Tell us a bit about your new book. What inspired you to write it?

I’ll tell you one thing that happened, something that made a substantial difference in how I wrote the rest of the book. I had started writing the book. I’ve been published for many years – 20 this year – so I can sell a book and series on proposal, which means that I have to write at least 50 pages and a synopsis for editors to read. I spoke on the phone to an editor I respect who had just finished reading the 50 pages of the proposal. What she said crystallized the book for me. She said, I love that Emmeline is kind of like a super hero. It hit me then and there… the cloak, the mask… everything. Miss Emmeline St. Germaine is a kick-ass Regency-era cloaked superheroine, foiling the baddies and then going to the opera to flirt and listen to gossip. I was transfixed by the notion, and it informed the writing of the rest of the book.

Emmeline had to be daring and bold and determined. She had to be a superheroine.

I don’t want to give away too much; let me just say there are surprises in store, in the sense of the murder mystery, of course, but also about Miss Emmeline St. Germaine. Frustrated by her inability to work, or have a career, relegated to the feminine role of spinster doing ‘good works’, she finds a way to live life on her own terms in more than one way. It isn’t easy, and there is danger, but she refuses to be defeated.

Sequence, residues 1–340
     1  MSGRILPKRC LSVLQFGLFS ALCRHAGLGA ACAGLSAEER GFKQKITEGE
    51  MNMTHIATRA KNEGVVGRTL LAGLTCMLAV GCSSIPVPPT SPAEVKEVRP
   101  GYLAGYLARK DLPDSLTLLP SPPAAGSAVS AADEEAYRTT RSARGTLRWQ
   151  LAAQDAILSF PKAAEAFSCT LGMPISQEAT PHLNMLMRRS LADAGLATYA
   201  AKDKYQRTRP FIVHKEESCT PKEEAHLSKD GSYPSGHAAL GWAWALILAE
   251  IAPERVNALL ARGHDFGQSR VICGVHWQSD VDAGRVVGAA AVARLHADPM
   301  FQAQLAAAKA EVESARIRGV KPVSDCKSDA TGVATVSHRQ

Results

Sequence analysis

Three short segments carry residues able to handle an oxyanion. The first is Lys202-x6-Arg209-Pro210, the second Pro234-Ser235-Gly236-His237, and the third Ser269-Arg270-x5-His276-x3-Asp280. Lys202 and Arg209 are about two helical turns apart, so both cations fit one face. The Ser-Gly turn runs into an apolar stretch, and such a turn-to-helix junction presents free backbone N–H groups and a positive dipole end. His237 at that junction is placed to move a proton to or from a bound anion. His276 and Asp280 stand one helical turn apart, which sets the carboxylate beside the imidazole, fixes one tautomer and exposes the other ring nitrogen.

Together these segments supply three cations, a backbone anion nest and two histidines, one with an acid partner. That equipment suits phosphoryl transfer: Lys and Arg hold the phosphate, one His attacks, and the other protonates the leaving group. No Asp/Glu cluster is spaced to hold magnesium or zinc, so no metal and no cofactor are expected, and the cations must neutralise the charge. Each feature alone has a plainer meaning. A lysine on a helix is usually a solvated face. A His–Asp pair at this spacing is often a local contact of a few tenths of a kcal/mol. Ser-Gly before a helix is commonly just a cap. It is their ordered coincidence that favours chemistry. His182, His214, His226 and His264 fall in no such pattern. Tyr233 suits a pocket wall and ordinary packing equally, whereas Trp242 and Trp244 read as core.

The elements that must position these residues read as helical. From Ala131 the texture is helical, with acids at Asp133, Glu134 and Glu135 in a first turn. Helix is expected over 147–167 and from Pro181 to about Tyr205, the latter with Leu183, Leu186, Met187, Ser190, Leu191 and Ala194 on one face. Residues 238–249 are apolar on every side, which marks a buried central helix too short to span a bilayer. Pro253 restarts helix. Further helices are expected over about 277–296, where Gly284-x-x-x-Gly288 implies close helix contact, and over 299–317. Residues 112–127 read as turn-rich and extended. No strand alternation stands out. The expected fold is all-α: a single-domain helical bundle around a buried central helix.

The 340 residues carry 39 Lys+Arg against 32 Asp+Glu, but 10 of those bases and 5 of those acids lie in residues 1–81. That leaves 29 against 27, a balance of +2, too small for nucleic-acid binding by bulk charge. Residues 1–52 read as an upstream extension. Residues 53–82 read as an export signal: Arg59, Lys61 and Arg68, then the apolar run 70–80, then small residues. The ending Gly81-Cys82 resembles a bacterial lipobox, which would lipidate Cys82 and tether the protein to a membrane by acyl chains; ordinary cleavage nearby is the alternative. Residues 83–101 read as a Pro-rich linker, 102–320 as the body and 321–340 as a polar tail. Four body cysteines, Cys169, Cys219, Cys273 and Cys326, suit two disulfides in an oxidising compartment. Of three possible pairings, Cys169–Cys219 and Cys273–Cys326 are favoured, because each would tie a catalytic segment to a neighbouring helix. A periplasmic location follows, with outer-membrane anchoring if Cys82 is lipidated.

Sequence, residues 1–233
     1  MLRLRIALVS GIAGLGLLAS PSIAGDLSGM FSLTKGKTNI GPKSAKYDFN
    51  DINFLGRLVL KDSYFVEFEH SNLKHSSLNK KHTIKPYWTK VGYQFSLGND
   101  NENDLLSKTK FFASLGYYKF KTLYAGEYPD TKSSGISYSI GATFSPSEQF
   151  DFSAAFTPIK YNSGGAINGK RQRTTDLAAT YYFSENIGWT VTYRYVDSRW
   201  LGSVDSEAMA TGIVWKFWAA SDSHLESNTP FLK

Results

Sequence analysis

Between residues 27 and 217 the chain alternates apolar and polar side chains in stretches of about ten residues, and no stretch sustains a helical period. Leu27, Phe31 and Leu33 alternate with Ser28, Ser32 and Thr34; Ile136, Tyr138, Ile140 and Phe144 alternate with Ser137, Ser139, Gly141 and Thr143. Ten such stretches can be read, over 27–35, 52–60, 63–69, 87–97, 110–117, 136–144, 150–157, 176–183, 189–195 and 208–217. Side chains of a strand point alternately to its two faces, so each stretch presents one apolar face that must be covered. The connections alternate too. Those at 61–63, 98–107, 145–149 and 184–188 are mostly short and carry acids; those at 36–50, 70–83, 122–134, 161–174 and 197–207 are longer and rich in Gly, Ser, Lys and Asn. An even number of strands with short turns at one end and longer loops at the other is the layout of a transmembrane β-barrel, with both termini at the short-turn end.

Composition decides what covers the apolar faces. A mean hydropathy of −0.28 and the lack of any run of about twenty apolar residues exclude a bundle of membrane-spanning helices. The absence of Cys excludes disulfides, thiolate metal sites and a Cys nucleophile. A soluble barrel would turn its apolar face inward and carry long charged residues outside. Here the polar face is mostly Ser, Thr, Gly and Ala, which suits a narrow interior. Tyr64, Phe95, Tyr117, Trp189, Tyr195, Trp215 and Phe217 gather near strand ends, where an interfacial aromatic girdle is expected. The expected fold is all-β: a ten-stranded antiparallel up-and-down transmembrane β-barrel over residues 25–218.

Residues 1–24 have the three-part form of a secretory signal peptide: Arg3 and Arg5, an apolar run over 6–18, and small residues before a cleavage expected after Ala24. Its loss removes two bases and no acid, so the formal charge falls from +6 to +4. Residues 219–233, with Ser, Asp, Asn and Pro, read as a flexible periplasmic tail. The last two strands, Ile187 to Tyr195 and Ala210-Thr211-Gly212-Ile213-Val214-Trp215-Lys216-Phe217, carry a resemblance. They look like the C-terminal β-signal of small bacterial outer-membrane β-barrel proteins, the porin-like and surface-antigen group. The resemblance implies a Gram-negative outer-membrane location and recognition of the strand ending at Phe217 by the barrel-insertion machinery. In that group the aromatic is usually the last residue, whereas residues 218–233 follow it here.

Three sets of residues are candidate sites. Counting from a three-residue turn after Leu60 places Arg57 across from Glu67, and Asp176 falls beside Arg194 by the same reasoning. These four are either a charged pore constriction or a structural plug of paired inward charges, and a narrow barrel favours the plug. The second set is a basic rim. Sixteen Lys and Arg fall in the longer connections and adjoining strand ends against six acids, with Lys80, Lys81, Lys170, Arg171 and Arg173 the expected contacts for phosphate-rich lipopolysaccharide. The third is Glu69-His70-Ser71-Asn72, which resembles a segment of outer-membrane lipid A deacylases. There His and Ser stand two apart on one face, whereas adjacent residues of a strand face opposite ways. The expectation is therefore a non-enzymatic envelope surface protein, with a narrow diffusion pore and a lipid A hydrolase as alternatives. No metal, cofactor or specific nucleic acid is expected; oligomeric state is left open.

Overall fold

What do you think makes a good story? How do you incorporate that into your books?

I want to read about complex heroes and heroines, men and women who are flawed, but are trying the best they can. I want bad guys (and gals) who are human, who are not super-villains, but who expose the true banality of evil. Villains aren’t charismatic anti-heroes; they are selfish and warped individuals, determined to get what they want no matter who they hurt. I work that into my books by staying in touch with the world around me. I watch a lot of true crime shows on TV, and I know that villains often get away with a lot of evil-doing before they get caught. But they’re human and they slip up, so they usually do get caught.